Dr. Mariam Alkawally is the current Ocular Disease Resident at Empire Eye and Laser Center in Bakersfield, California. Dr. Alkawally obtained her dual OD/MS degree at SCCO under the tutelage of Dr. Jerry Paugh, her thesis being on the effect of marginal eyeliner on meibomian gland function.
Mariam Alkawally and colleagues have examined the effect of eyeliner use on meibomian gland function. She presented her results at the American Academy of Optometry meeting in October 2020 (Nashville, virtual). Her findings echo previous work on the impact of make up such as eyeliner on the lid margins, and help to inform eye care practitioners about the importance of looking for this in their patients and counselling regarding make up use, its placement and thorough daily removal.
AAO 2020 Scientific Program Abstract (link to original abstract to be add when available)
Title: The Effect of Marginal Eyeliner Use on Tears and Meibomian Gland Function
Authors: Mariam Alkawally,1 Rachelle Lin,1 Corina van de Pol,1 Alan Sasai,1 Andrew Loc-Nguyen,2 Jerry R. Paugh.1
Affiliations: 1SCCO at MBKU, Fullerton, CA, 2California State University, Fullerton, CA
Purpose: There is limited research examining chronic use of eyeliner makeup on ocular surface signs and symptoms. This study investigated whether chronic use of ocular cosmetics either around or directly on the eyelid margin may contribute to tear film instability and Meibomian gland dysfunction.
Methods: This was a masked, prospective, observational clinical trial. Subjects were enrolled in one of three groups: those who never or very rarely wore makeup (No-M), those who wore it frequently but only outside the eyelid margin (Min-M), and those who wore it directly on the lid margin 4 or more times per week (W-M). Subject makeup wearing habits had to be consistent for a minimum of 1 year. Following enrollment, subjects were assessed for dry eye signs and symptoms by a masked examiner. The primary outcome measure was lipid layer thickness (LLT) via LipiView II. Other data collected included symptom questionnaires, tear meniscus height (TMH), meibomian gland (MG) expression grade, corneal and conjunctival staining utilizing both NEI and Oxford grading systems, meibomian gland dropout, fluorescein breakup time, and modified MGD score (sum of eyelid marginal signs, MG expression grade, and meiboscore).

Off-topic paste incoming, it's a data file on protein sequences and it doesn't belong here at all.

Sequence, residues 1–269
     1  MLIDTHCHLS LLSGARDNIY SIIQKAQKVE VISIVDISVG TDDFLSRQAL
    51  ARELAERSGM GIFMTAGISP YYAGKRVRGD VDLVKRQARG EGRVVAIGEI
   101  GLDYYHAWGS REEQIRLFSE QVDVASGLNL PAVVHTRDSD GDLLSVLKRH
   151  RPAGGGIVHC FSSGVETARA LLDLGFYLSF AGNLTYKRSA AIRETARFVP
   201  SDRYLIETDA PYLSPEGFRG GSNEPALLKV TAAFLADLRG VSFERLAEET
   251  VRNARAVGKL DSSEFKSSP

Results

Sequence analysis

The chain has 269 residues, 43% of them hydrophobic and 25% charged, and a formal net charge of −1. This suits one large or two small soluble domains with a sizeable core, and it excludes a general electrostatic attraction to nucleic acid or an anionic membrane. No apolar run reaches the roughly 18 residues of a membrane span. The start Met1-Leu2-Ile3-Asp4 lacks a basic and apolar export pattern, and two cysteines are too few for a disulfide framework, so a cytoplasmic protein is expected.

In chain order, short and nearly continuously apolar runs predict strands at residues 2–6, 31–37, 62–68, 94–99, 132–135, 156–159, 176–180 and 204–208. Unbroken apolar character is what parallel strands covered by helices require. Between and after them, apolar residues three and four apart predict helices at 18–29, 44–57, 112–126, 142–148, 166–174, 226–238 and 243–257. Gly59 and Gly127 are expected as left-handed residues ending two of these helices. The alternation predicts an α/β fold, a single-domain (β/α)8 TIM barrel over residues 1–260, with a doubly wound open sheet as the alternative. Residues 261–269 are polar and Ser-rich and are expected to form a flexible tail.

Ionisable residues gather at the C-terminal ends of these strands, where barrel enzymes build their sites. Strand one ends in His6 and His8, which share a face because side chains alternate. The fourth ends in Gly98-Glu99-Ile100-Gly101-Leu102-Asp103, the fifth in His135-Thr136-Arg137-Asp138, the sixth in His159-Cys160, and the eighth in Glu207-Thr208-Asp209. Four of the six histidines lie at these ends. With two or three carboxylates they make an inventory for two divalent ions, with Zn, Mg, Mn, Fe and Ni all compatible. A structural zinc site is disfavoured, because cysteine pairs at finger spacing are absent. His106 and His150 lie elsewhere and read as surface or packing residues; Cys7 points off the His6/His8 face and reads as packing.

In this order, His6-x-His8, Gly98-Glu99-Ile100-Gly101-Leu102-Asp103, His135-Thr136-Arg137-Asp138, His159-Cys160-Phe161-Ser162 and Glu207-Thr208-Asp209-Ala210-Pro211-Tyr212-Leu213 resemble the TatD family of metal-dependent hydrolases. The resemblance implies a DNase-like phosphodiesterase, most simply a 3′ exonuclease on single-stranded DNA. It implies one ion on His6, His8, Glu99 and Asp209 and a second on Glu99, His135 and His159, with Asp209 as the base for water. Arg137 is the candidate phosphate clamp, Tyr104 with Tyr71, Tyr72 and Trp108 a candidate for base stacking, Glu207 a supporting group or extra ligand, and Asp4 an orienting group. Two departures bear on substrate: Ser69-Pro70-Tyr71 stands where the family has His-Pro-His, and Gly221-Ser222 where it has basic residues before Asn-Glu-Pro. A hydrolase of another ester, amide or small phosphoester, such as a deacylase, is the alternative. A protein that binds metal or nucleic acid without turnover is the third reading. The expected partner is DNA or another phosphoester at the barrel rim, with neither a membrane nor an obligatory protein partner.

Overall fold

Results: Forty-nine (49) female subjects completed the study (10 No-M, 18 Min-M, 21 W-M); there was no difference due to age. Neither race nor contact lens wear confounded the results and there were no differences in symptoms among the groups (modified Schein, OSDI, SPEED), lipid layer thickness, tear breakup time, eyelid marginal signs, or meibomian gland dropout. The Min-M group showed statistically significant reduction in TMH and an increase in NEI and Oxford staining compared to the No-M group (p = 0.027 and 0.023, respectively). The W-M group showed a statistically significant increase in the MG expression grade compared to the No-M group (mean grades 1.1 and 0.55 respectively, 0 – 3 scale, p<0.016).
Conclusion: Eyeliner wear both outside and within the lid margin demonstrated mild deterioration in the health of the ocular surface, specifically with regards to ocular surface staining and gland expression quality, compared to the non-makeup users. The meibomian gland secretion decrement may lead to worsening meibomian gland function and glandular atrophy over time. These results mirror concurrent studies with similar conclusions.